Posted in Intellectual Assets, Lifelong Learning, Social Media Connect, Storytelling

3 questions to ask before providing valuable feedback

 

What would I say? How would I say what I liked or did not like?  Would it be insensitive to tell it like it was?

My fingers beat my brain to it and by the time it dawned on me the confirmation that email had been sent had popped up on my screen.  My euphoria was short-lived and what I was feeling at that point in time was nothing short of raw consternation.

Here, I was battling a deluge of emotions and also attempting to manage the anxiety this simple email request had inflicted on me.  I was quickly transported back to the white knuckle moments waiting on a response from the bank to my offer and dreading the call from the agent after two rejections on previous offers.  The difference with the third offer was I had found a home I wanted needed.  I had no doubt in my mind, I did not have it in me to stomach another rejection and resume the search online as well as traveling from one end of town to the other to view properties.    For an agent that saved me the emotional trauma of having to make a fourth offer this was my opportunity to show my appreciation in my own small way, by sharing my experience with others on the off chance that the testimonial may help others in making a more informed decision about whether to go with my agent.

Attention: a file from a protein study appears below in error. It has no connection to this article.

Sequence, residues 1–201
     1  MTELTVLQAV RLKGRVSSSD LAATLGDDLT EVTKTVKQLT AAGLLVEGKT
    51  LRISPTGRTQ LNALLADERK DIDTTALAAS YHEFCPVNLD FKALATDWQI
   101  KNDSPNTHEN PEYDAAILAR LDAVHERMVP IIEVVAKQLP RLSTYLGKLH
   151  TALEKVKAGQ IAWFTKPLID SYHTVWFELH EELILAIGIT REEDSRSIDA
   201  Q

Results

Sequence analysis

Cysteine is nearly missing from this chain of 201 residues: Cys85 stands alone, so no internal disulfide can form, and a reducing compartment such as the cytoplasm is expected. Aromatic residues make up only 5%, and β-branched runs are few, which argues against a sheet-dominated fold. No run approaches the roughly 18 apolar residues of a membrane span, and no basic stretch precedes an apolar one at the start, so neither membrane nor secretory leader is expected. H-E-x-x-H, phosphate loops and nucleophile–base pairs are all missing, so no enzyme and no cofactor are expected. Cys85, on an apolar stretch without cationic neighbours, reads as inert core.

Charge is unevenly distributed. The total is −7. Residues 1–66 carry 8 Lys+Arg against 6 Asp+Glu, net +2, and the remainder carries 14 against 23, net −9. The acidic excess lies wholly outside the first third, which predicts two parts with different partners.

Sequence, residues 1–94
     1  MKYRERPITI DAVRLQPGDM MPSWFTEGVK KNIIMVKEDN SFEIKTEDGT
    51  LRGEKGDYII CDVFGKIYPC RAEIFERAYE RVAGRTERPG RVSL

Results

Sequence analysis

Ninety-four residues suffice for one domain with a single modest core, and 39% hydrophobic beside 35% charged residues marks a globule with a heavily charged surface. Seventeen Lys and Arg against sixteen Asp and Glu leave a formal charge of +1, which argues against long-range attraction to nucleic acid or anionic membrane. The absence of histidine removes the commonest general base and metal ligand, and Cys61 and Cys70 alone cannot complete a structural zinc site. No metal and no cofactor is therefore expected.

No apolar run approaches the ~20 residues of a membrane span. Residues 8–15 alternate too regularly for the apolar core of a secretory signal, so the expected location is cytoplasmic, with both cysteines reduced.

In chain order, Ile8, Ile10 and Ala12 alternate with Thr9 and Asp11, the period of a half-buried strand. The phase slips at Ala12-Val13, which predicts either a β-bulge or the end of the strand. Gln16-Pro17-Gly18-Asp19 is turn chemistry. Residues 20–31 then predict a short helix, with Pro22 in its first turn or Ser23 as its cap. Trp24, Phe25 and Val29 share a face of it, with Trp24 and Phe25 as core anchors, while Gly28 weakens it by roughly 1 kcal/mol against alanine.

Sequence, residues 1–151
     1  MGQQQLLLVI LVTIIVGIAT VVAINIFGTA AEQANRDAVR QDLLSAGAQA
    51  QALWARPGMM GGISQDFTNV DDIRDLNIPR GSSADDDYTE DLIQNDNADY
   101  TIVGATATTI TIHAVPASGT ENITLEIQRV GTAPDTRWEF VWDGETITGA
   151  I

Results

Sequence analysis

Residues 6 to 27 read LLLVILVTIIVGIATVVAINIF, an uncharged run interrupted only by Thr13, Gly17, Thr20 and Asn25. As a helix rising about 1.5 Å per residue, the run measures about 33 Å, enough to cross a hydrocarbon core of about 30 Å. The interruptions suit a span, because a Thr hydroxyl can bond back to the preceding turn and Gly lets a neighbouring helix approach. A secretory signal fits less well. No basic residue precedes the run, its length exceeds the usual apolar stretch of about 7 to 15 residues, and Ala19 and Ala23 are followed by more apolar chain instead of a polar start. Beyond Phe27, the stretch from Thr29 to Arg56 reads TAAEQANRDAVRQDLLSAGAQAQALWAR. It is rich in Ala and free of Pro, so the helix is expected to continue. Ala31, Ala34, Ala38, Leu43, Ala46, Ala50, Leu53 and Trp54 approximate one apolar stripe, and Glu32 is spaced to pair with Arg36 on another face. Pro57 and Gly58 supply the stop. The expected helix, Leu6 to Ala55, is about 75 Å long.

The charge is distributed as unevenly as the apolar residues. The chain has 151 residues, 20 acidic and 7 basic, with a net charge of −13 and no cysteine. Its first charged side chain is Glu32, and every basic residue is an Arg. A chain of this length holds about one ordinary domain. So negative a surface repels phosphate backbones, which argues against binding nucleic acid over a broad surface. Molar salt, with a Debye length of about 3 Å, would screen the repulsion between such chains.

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What is a Testimonial?

A testimonial is a written endorsement based on personal experience of the client or consumer.  It builds trust and credibility with future clients and is highly valuable to any business owner because it could be just those few words that convert a wavering prospect into a paying customer.

1)      Keep it Short, Simple and Real –Two short paragraphs with the first paragraph highlighting the key points as how the business owner worked with the client, the value delivered and what makes the business owner stand out.  Focus on the problem or need addressed and the results achieved.

2)      Use real language which includes language and grammar quirks which help in connecting with the reader.

3)      Specifics – Move away from vague generalizations and focus on specifics that make your experience more relatable.  Anonymous or mystery endorsements come across as less personalized and genuine .

3 Questions to ask before writing your next Testimonial

  •  Format
    • Question:   Why did you select or approach or recommend XYZ company?  Answer: I approached or recommend  XYZ because…
  1.  Question:  In what ways did XYZ  help me? Answer:  XYZ helped  me by quickly identifying that proximity to public transportation was top on my list of locations.
  2. Question:  What was the result of XYZ’s assistance? Answer: The result  was finding a home that was within driving distance from the train station. 
  3. Question:  What was one thing I liked about XYZ’s service or product and how did you find the overall experience?  Answer: One thing I liked was XYZ’s foresight in explaining to me what else would in the long run add to the resale value of my home.  I was indifferent towards having an attached garage.  However,  every winter day, shielded from the cold elements by my covered garage, I am thankful to my agent for the valuable insight he provided. 

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Author:

Broad based knowledge seeker; outside and beyond the box - arts and culture, travel, writing, christian faith walk, good reads and refreshing conversation - and not necessarily in that order. Storytelling by connecting the dots between the traditional and non-traditional, the obvious and not so obvious.

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